Druidry brings elements of mythology, legend and history to life. Gives reverence to the past and our ancestors. The worth of their actions maintained where there is importance and relevance in today’s world.
A Druid looks out to what is there - and there we see in the landscape, reminders of the ancestors of place. A patchwork of times and lives who's mark has made life as it is now.
Upon the landscape, the evidence of our rich and vibrant - although often troubled history - stands plain to see, or can be uncovered by knowing how and where to look and listen.
As a Druid today looking to the past we see many things which inspire and enrich our lives in the present.
To know who you are you need to know where you come from.
A belief in the oneness of all things, connected and synchronised, playing out your role in bringing each moment forward.
To a distant past of Pre Roman and early Roman Britain that is known as the “Classical age of Druidry” we have Greek and Roman written evidence of the Druids of this time and of trade routes between these civilisations and Ynys Prydein.
Further into the past we have the megalithic Bronze Age structures that the 18th Century Druid revivalists placed as “Temples of the Druids.” From early in the 1700s up to the 1950s Druidry belonged to masonic type orders who believed to have re-awoken the priesthood of the Druids with the “Classical Renaissance.”
After the Roman occupation of Britain and up until the 18th century, the Christian church maintained the roles that were previously facilitated by Druids, such as record keeping of ownership and rites of passage. Now though, the political control that the church held has passed to Local Government, as the new religion of Science has diminished the fear of God in people.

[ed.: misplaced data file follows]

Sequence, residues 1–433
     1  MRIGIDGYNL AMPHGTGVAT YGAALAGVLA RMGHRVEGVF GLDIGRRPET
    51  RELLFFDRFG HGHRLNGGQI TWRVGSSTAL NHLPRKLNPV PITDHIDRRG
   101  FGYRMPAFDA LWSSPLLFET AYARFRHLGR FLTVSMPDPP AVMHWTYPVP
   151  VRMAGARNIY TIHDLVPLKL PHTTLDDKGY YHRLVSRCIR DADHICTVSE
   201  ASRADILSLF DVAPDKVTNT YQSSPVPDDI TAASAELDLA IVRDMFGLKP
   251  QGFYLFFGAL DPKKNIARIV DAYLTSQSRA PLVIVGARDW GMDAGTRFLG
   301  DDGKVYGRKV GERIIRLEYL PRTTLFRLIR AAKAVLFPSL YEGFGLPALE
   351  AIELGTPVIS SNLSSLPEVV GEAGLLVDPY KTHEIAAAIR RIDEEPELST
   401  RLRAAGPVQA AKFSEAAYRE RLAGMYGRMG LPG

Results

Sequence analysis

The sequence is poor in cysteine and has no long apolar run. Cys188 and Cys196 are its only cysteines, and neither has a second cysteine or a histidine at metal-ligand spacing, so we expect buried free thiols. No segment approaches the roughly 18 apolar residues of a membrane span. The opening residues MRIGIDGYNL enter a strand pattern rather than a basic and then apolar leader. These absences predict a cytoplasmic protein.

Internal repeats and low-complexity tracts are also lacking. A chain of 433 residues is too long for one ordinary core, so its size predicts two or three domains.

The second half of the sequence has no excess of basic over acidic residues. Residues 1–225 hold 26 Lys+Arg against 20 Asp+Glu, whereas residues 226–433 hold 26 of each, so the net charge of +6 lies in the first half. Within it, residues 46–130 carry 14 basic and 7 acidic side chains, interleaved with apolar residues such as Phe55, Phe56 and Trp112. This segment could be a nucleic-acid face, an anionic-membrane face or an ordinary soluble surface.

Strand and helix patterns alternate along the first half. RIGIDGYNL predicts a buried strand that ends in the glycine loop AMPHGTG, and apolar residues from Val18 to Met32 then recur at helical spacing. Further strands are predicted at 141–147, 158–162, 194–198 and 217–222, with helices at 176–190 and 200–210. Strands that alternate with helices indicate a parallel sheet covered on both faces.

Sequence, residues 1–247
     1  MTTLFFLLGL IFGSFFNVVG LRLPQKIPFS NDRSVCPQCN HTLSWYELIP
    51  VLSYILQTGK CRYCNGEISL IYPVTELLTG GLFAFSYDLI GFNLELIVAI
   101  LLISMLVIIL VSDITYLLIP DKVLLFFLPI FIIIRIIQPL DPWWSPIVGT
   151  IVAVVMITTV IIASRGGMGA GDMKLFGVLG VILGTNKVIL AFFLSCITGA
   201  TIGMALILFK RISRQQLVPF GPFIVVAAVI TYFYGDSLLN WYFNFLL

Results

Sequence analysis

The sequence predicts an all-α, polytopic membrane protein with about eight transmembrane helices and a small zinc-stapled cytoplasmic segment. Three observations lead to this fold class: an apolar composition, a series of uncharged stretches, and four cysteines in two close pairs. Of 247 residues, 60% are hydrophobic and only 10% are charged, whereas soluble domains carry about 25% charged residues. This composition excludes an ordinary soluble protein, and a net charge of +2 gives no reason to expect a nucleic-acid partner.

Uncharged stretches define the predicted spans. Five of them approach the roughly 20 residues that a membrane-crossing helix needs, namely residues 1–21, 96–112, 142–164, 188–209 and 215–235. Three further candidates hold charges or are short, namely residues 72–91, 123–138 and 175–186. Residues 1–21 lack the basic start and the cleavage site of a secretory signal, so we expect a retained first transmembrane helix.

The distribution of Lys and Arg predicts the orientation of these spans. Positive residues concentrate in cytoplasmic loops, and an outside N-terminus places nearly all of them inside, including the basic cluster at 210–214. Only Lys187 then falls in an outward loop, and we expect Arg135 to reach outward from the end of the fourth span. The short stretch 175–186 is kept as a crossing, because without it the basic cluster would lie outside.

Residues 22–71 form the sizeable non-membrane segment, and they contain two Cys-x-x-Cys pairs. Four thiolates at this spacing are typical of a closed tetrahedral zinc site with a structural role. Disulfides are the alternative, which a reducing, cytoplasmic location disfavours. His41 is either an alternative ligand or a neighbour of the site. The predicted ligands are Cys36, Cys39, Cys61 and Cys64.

Yet the knowledge of something that science has not explained still exists- unproven and hopefully never will be - the knowledge of God, Goddess and in their uniting – the Holy child/children.
Druidry accepts these questions are not answered and is willing to pass judgement through experience and exploration. The exploration of that which is outside the physical understanding and therefore unexplained by science.
Since the 1950’s the foundation stone of Druidry has become a conglomerate rock made up of segments formed in many times and places. A sword hammered on the anvil of our celtic heritage. Heated by the fires of the western magical tradition. Blown by the bellows of new-age spirituality.
Within the folds of its blade are held the elements of all world religions and old world spiritualities, philosophies and structured systems of belief that hold keys in the present to the past and the future.
The sword that is drawn from the druid stone is an individual beacon of our personal way of feeling the connection with divinity and the wonders of life.
There is one connection of mistletoe to druidry and it is that of chapter 95 in book 16 of the natural history by Gaius Plinius Secundus and the famous cutting of mistletoe from an oak in southern Gaul. This account of a druid ritual in itself proves that druids held mistletoe as the most sacred and potently magical plant of all. In the same book druids and other plants are mentioned but it is the mistletoe that is held in most reverence.
Pliny did not mention the time of year this ritual takes places, only that it is guided by the moon. The moon being 6 days old following the spring equinox it is in its most northern point in that month and now with the sun also north of the equator the forces strengthen to pull the rising saps. It is this time as both the sun and moon are riding above the equator that triggers the time of new growth and the trees really wake after their winters sleep.
The roots of the trees are deep enough not to be influenced by weather conditions and the surface temperature of the soil. They feel the subterranean changes caused by the positions of the celestial beings. So as likely as any other guess the old new year’s day of the 25th March is as close as any to when this happened.
March 25th is known as “Lady’s Day”. It is the date of the vernal equinox, stated by Caesar in 46BC at the introduction of the Julian calendar. Its date is also the conception of Christ who will be born 9 months later. If in the 1500’s when the Gregorian calendar was first established, the calculations were dated back to 46BC instead of the Council of Nicaea in 325AD we would be hanging up our “kissing bough” and celebrating Christmas on the winter Solstice. It was to unify to date of Easter that the Gregorian calendar was created.